December 18, 2008

Richard Serra and Designing the User Experience

Image by looking4poetry, Flickr

Minimalist artist Richard Serra is known for his sheet-metal sculptures. Whether you view them as majestic or even brutalist, all can agree that Serra hones in his audience. And that audience is not homogenous: “The first audience is the people involved in the process. That would be the steel engineers, the steel mill workers, and the riggers. I don't make the sculpture particularly for them, but the riggers are the first audience. The people who put the work together know more about it than anyone else. The second audience is the interpretive audience, whoever happens upon the work… .” In the same interview with Klaus Ottmann of the Journal of Contemporary Art, Serra is sensitive to the physicality of his work, “I’m interested in the clarity of building, in gravity, in the tendency to overturn, in the exactitude of measure, the addition and subtraction of weight, the rotation of weight. I’m interested in mass.” 37signals’s Jason Fried recommended designing webapps as it were physical:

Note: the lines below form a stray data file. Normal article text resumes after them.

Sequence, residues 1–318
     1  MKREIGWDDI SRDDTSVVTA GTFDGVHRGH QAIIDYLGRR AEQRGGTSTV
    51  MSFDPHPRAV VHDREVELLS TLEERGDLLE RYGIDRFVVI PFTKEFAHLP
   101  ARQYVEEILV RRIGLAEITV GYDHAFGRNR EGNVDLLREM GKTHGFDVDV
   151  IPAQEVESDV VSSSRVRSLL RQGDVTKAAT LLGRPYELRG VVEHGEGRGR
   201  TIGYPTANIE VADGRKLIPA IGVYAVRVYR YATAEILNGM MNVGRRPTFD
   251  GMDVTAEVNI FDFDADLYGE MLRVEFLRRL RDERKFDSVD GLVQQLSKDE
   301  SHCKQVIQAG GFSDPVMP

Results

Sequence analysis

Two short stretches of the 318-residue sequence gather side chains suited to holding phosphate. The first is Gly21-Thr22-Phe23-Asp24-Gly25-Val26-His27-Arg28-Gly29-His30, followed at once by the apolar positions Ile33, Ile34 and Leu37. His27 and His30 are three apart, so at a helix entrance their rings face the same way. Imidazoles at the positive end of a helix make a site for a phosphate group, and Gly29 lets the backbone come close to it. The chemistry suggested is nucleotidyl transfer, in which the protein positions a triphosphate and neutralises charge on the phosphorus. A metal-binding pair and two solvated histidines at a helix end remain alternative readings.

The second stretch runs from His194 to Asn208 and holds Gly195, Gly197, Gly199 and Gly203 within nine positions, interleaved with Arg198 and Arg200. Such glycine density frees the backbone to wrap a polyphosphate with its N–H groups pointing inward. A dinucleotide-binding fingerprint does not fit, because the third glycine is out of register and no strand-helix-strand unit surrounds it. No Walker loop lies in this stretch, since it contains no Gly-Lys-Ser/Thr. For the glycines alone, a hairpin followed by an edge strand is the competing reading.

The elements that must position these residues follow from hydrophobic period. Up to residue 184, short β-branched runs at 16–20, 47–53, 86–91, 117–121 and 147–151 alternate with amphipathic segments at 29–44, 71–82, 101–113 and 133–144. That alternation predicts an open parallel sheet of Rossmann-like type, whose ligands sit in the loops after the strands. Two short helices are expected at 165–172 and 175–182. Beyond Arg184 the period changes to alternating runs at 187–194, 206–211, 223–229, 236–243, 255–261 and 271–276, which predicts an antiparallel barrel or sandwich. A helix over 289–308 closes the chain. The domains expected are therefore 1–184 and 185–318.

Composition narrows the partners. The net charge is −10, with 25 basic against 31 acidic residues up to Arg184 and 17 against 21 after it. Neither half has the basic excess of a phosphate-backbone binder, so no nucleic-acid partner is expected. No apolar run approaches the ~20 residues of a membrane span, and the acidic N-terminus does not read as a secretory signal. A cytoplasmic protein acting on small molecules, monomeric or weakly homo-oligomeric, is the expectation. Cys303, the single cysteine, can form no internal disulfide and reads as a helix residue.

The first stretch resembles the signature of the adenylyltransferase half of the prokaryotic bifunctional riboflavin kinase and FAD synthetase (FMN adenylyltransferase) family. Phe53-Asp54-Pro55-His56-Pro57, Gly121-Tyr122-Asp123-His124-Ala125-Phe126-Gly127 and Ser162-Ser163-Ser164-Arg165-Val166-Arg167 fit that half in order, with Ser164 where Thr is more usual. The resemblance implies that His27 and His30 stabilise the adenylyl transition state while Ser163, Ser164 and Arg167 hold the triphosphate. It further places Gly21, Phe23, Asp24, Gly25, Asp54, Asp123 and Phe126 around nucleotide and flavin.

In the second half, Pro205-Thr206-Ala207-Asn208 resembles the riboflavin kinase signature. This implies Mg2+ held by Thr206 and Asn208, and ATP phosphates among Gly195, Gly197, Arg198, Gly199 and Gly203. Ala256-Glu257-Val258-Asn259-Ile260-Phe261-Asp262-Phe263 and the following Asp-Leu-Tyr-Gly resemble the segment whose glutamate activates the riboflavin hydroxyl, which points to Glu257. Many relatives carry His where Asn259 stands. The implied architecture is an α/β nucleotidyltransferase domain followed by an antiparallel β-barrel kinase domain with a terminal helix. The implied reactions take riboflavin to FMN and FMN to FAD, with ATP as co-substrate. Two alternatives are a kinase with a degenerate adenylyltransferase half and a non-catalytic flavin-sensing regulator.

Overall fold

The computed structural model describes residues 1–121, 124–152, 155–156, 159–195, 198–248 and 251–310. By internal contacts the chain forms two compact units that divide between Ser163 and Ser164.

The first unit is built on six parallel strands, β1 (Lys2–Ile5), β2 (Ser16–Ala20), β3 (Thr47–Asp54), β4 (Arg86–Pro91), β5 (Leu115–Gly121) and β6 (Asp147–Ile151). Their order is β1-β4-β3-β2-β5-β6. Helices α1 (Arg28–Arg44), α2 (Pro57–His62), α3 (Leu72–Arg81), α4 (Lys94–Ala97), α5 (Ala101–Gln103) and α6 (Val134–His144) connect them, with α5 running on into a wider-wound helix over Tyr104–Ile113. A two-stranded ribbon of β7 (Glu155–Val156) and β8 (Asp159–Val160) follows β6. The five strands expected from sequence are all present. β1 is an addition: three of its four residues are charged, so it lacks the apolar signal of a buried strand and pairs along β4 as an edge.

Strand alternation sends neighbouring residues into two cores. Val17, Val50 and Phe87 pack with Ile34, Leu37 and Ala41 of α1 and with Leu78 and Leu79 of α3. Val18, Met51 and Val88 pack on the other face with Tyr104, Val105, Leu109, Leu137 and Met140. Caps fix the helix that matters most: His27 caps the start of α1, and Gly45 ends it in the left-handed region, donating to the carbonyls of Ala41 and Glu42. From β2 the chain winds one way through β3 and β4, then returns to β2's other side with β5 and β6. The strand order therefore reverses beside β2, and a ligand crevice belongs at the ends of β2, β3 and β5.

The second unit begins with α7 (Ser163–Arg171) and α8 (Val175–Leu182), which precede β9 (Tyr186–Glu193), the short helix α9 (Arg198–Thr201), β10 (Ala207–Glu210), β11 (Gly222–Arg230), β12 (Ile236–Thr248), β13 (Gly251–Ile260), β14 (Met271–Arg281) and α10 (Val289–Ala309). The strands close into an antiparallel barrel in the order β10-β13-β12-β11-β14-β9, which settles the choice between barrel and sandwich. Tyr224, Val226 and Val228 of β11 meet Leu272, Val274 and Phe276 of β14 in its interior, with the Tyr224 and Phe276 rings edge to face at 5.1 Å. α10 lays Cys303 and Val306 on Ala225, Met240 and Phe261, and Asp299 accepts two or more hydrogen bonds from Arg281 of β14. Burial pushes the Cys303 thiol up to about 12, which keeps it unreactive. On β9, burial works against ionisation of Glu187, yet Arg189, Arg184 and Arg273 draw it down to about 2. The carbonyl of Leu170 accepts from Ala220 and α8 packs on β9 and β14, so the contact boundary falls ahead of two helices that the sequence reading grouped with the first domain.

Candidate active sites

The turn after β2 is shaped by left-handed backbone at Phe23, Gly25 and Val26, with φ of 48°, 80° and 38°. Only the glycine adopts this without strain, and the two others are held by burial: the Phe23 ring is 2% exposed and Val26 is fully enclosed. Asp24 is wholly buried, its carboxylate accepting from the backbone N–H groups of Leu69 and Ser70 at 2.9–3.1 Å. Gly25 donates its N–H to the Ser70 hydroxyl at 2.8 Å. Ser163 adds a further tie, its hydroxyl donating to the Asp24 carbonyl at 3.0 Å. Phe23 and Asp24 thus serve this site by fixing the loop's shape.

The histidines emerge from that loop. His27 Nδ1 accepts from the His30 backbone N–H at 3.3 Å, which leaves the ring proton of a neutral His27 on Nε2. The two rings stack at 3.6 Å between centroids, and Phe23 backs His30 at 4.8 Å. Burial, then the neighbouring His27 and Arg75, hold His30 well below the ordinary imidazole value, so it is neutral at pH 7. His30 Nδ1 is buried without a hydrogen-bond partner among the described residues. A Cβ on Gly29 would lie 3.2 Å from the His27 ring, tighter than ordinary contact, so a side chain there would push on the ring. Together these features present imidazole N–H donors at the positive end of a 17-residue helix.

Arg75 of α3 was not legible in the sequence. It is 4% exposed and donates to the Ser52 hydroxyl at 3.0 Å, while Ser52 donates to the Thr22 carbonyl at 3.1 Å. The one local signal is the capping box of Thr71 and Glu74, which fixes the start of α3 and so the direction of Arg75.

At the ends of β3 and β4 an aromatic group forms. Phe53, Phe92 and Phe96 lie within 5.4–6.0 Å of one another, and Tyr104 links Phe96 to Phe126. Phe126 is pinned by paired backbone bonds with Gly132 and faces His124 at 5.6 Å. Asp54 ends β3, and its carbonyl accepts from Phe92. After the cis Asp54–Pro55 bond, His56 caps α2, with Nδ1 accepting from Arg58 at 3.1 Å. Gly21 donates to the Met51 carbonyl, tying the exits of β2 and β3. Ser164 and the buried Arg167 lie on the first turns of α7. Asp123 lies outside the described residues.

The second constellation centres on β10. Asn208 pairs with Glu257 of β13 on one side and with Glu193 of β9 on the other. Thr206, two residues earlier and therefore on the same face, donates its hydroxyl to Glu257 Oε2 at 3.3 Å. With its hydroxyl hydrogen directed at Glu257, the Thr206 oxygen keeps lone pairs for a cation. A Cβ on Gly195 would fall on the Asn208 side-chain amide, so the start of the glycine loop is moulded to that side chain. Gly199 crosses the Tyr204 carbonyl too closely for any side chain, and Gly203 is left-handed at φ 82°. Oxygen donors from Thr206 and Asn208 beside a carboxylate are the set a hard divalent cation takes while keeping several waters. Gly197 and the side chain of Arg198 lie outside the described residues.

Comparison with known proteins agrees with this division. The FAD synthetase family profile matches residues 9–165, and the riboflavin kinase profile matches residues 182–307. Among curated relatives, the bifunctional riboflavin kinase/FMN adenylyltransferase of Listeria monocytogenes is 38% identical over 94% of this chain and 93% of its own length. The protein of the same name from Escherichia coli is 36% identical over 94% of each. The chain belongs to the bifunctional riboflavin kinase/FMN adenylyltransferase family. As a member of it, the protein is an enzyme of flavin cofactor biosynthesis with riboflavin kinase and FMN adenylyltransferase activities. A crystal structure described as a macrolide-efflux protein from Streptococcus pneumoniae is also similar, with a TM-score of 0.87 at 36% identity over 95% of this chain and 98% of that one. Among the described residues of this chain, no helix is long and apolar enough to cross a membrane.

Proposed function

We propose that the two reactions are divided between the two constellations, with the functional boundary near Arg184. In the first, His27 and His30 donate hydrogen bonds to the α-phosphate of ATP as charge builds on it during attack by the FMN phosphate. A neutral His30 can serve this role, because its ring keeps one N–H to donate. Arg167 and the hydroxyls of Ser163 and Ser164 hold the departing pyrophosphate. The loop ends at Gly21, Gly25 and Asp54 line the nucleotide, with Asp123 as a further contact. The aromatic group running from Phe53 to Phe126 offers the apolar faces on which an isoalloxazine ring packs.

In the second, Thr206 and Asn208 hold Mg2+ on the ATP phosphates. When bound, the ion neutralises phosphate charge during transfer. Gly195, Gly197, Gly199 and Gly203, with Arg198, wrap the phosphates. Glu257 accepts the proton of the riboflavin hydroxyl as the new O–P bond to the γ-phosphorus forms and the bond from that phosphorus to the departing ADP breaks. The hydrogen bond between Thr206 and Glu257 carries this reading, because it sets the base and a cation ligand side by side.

“Next time you design some software, visualize how it would look if it was a real object. Would you be able to figure out what it does by just looking at it? Or picking it up? Or turning it on? Or would you not know where to grab it, or how to pick it up, or how to turn it on? Would you know which way was up? Or which side was the front or back? Would it be too heavy to move even thought it was supposed to be portable? Would it be square when it says it’s round?”

Serra’s transformation of raw material, with its qualities and their discovery by people in mind, can be applied to the sculpture of software and beyond.